- 26 Jan '08 09:13haven't asked for assistance before from you mob

but i think there may be suitably equipped mathematicians out there that will consider this some sort of breeze..

using only the numerals 2008, and in that order !! , create a set of mathematical equations using those numerals to develop the set of numbers from 1 - 20 ( or even further)

as much of an old fart as i am, i succeeded in getting all but 15, 17, 19

by way of example and quite possibly the most elegant

log (2) (008) = 3 (unfortunately not mine - one of the kids in the class)

and others

2 ** (0) + 0 + 8 = 10

(2! + 0!) * 0! + 8 = 11

2! + 0! + 0! + 8 = 12

those bloody primes ... ! ( and odd numbers... )

anyway, glad for any assistance, ciao 4 now

PS _ any maths symbol at all, but no extra digits, and in order of 2008 - 26 Jan '08 10:38 / 1 edit20 - (0!+cube root 8) = 17

20 + 0! - cube root 8 = 19

(2+0!)! + 0! + 8 = 15

a few further ones...

20 - (0!-cube root 8) = 21

20 + 0 + cube root 8 = 22

20 + 0! + cube root 8 = 23

(2+0+0!)x8 = 24

(2+0) x (0!/8% ) = 25

we can probably get quite far if you're allowing every mathematical symbol... I'll leave it to other users to carry on past 25. - 26 Jan '08 12:36

the fact that you have multiple ones twos and zeroes available (via 0!, cube root 8, 2, and 0) it makes it much more reasonable to get the "in between" numbers than something like the "four fours" problem which is similar. the tough part it seems with 2008 is finding an initial number from which to go +-1 or +-2. nice job dood*Originally posted by doodinthemood***20 - (0!+cube root 8) = 17**

20 + 0! - cube root 8 = 19

(2+0!)! + 0! + 8 = 15

a few further ones...

20 - (0!-cube root 8) = 21

20 + 0 + cube root 8 = 22

20 + 0! + cube root 8 = 23

(2+0+0!)x8 = 24

(2+0) x (0!/8% ) = 25

we can probably get quite far if you're allowing every mathematical symbol... I'll leave it to other users to carry on past 25.

for 25 why not use: 200/8 - 26 Jan '08 23:13wow - and so fast

we did go as far as 21,24,25,27,28 & 29

but with so many gaps i was just trying to get the initial 20, and did manage to get the 200/8 as 25, which is one of the neater ones in the group

but am i being too fussy if the numeral 3 in the cube root function, (distinguishing it from 2, 4 ...,) has introduced an extra digit ?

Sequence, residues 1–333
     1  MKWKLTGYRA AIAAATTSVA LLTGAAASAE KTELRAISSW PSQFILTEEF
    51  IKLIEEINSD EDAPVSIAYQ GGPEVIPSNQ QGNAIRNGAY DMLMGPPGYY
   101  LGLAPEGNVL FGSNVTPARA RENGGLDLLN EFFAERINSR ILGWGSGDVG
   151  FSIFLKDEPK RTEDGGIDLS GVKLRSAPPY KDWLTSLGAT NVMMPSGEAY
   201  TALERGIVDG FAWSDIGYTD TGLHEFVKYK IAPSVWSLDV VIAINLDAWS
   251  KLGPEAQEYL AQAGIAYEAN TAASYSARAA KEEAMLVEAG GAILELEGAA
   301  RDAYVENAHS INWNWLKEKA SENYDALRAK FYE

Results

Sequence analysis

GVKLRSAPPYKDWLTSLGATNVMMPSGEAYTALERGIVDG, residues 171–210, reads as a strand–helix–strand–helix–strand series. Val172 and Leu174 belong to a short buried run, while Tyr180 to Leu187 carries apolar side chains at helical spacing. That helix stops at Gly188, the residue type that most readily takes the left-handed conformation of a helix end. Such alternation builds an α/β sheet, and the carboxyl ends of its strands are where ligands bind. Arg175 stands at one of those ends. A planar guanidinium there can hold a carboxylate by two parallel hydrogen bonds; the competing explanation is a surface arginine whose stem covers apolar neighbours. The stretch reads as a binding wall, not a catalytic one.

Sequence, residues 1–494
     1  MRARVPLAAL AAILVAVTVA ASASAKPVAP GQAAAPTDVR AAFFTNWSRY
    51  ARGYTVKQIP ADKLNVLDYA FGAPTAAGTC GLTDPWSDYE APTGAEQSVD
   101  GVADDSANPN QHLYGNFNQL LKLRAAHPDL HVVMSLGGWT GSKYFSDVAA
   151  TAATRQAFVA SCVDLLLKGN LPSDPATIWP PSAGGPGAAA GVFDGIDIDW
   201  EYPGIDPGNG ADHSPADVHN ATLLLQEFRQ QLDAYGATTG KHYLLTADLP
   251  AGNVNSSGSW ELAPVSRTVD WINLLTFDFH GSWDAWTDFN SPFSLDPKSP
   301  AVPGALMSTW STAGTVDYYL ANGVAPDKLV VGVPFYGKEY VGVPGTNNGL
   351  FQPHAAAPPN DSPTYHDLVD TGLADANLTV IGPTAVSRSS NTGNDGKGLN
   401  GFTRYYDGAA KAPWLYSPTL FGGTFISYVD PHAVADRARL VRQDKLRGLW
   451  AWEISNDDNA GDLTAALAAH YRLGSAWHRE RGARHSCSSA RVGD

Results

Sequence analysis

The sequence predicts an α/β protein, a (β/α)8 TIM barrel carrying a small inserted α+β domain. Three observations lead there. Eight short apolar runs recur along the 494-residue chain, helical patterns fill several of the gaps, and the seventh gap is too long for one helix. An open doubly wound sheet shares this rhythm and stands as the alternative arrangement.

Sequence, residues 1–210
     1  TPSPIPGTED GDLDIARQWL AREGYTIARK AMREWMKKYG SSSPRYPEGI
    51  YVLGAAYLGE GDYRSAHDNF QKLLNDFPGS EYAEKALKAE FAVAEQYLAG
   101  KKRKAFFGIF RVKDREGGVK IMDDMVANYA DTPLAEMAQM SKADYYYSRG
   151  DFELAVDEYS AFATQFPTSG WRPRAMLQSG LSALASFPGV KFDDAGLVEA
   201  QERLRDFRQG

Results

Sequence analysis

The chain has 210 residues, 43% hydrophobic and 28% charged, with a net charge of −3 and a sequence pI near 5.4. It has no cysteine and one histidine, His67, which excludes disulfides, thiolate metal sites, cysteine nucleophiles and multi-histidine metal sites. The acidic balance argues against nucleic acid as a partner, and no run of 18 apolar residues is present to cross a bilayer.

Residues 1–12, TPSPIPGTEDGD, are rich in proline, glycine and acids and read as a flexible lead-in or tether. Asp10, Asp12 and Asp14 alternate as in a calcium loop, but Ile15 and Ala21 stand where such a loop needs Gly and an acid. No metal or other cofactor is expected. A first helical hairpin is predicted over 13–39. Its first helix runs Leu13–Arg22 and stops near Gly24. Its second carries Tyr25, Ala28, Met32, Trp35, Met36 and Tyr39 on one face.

i appreciate it is a symbol in its own right now, perhaps i'm just too fussy.

i did try the integral from 2 - 0 of (0+8), but of course i have discounted the introduced 'c' to zero, and (2! +0!)*(-0!+8) = 21,

i am still surprised at how many there were, sqrt(2+0)*sqrt(0+8)=4 etc

thanks again, i needed that burst to get past my first hurdle.. - 27 Jan '08 12:05 / 3 editsCube-roots are allowed? How about that extra three you need to write the cube roots, or doesn't that one count as "extra" number?

Numbers obtained above: 3 10, 11, 12, 15, 17, 19

Once you have 25, you can simply take the root to obtain 5.

- (2 + 0!)! - 0! + 8 = 1

- ( 2 + 0! + 0)! + 8 = 2

- ( 2 + 0!) ! + 0! + 8 = 3

- ( 2 + 0! + 0! ) + 8 = 4

- ( 2 + 0! + 0 ) + 8 = 5

- ( 2 + 0 + 0 ) + 8 = 6

- ( 2 - 0! + 0 ) + 8 = 7

2 - 0! - 0! + 8 = 8

2 - 0! + 0 + 8 = 9

(2 + 0!)! - 0! + 8 = 13

( 2 + 0!)! + 0 + 8 = 14

(2 + 0! + 0! )! - 8 = 16

(2 + 0) * (0! + 8) = 18

2 * (0! + 0! + 8) = 20

That covers 1 - 20.

I couldn't find anything for 26 so fast. You can get huge numbers by repeating the ! of course.

(2 + 0! ) * ( 0! + 8 ) = 27 - 27 Jan '08 19:11

Incorrect, the function would be the third root of the base (in this case 8) or 8 to the power of one-third. In both cases, an extra digit is required in order to complete the expression, otherwise it is meaningless. Square-root, although technically has a two, can also be written without any numbers.*Originally posted by doodinthemood***As far as I considered it, cube root is a function, not a number, because 3 isn't involved anywhere in the process. If it isn't allowed you should also not allow percentages.**

Percentage is a tricky one, but has a widely accepted symbol, however that symbol is also used for the modulus operation in some situations. In the percentage form, the o's in the percentage represent the 0's from the 100, so dood might have a point there.

But if we are going to be this picky anyway, the negative sign cannot be used because it creates a new number. -(2) is actually -1 x 2 so we are introducing a new number -1. -2 is not the same as -(2) if we are using specific digits. - 02 Feb '08 02:03

but to be that picky would also eliminate both subtraction and division since a - b is actually shorthand for a + (-b) whilst a/b is shorthand for a*(1/b), it would also rule out exponentiation for a^b introduces b instances of a whilst factorial for any a > 0 introduces a '1' and we don't have any of them*Originally posted by Gastel*

But if we are going to be this picky anyway, the negative sign cannot be used because it creates a new number. -(2) is actually -1 x 2 so we are introducing a new number -1. -2 is not the same as -(2) if we are using specific digits.[/b]